There is no doubt about it: criticism hurts. It doesn't matter how many compliments precede or follow a harsh remark, it is always painful. "Darling, I love your new restaurant; everything about it is simply divine. It's just a shame about the king prawn crumble at your last place." That sort of thing always stings. You try to brush it aside, but it smarts like a playground graze, and always leaves a scar.
Why does criticism hurt so much? Because, no matter how objective it's dressed up to be, or how constructive or how scientific it is, criticism is usually personal. "You don't like my king prawn crumble, you don't like me."
And some of the worst people in the world for taking criticism personally are chefs. The best chefs design, carve, sculpture and decorate works of art, but, unlike other artists, most chefs see their masterpieces masticated within minutes. Little or nothing of their work survives, except the memory (and the bill). Second opinions can rarely be sought - cooking a meal provides a one-shot chance at pleasing the audience; which is why, like actors, chefs crave praise. They need to hear the crowd cheer.
Unfortunately, some of the people can't be pleased some of the time, and a dissenting voice may be heard occasionally. It might be the voice of the environmental health officer, or the bank manager or the grumpy landlord. Or it might be a journalist whose weekly column needs a pick-me-up.
The Chef Conference in London last week heard Sir Terence Conran talk about restaurant critics and, later, heard The Times critic Jonathan Meades talk about restaurants.
Meades says that he writes, not for the restaurant industry, but for the readers of The Times newspaper, many of whom, he says, will never visit the restaurants that he reviews. Without realising it (although he probably wouldn't disagree), he supports Conran's premise that many restaurant reviewers are journalists more interested in creative writing than well-balanced criticism.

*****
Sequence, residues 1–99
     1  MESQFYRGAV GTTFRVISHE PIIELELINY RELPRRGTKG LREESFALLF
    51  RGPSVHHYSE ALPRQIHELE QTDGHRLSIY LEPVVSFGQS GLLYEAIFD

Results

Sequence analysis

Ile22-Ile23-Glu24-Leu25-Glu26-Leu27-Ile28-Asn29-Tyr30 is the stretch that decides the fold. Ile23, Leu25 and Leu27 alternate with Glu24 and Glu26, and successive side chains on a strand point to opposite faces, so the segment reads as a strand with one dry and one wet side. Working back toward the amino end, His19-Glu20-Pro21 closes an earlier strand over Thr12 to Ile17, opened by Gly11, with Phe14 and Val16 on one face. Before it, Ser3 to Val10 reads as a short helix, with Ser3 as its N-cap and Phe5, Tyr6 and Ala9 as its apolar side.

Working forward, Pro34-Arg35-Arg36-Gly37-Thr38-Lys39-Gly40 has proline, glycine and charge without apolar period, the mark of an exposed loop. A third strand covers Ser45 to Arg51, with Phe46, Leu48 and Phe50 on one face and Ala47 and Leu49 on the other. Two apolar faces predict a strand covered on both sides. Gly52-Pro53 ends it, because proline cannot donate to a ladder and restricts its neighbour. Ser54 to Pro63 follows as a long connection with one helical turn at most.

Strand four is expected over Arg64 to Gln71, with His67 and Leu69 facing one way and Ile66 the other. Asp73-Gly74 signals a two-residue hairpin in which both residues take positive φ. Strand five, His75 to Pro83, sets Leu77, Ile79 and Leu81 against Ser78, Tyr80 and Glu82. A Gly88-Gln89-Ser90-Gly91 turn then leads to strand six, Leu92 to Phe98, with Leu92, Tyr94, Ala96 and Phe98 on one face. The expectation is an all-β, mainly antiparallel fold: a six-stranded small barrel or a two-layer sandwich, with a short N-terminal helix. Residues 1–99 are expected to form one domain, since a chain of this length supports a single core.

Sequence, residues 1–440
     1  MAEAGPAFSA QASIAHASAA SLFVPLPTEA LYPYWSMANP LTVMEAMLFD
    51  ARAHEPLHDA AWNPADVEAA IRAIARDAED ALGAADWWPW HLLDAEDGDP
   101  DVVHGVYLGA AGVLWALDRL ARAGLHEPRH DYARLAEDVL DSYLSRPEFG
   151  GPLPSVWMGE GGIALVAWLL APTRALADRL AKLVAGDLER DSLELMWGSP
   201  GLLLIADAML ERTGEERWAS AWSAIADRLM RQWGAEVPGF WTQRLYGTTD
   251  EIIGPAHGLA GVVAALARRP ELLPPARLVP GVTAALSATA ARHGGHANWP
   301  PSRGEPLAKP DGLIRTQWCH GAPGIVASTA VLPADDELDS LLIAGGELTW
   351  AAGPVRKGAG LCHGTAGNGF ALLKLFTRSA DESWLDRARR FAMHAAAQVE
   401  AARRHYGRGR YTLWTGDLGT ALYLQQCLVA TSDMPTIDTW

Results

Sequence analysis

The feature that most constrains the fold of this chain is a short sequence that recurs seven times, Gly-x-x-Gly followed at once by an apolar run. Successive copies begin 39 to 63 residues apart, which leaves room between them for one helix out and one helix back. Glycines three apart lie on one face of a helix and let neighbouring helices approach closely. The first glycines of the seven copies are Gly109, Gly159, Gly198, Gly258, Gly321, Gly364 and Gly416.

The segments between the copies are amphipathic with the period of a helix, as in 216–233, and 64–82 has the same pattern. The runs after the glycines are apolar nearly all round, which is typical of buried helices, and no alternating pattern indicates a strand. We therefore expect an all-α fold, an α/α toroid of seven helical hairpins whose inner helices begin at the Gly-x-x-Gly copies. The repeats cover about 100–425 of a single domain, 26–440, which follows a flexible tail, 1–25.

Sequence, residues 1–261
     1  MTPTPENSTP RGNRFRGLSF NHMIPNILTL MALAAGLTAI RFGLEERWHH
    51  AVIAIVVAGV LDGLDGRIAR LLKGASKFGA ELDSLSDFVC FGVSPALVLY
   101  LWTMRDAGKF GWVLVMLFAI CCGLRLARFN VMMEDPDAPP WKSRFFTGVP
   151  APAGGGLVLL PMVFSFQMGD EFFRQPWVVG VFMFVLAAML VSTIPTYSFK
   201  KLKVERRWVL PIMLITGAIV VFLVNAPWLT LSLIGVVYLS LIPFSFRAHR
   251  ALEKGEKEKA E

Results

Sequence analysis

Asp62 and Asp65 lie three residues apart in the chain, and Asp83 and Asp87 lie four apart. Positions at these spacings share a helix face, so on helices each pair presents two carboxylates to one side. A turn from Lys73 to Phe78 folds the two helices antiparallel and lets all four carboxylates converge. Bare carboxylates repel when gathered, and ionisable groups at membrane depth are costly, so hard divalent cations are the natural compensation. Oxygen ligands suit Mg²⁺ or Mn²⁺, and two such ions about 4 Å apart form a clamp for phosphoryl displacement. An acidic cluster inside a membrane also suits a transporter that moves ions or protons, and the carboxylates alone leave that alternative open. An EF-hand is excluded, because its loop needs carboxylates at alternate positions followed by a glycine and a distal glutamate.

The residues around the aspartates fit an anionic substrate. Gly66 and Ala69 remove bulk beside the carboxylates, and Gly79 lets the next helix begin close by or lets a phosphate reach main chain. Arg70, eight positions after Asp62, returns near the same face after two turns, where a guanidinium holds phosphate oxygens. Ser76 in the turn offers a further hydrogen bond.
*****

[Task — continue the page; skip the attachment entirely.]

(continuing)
And there, for the critic, lies the awful truth. Despite the self-importance that some writers attach to their work, newspaper articles have very little effect on the trade of restaurants. All publicity is good publicity, and the readers of a bad review will probably want to try out the restaurant for themselves. Many will find, because reviews are subjective, that they actually like the food. After all, good food will always attract good custom.
If the food is not good, the reviewer has done the public, and the restaurateur, a service. But if the food is all right, then a bad review will damage no more than pride.
If a restaurant receives a bad review and fails, the reasons will probably have more to do with price, location and service, than what one journalist in one newspaper has written.
Critics are there to entertain, not to be taken too seriously and, certainly, not to be taken personally.
Caterer & Hotelkeeper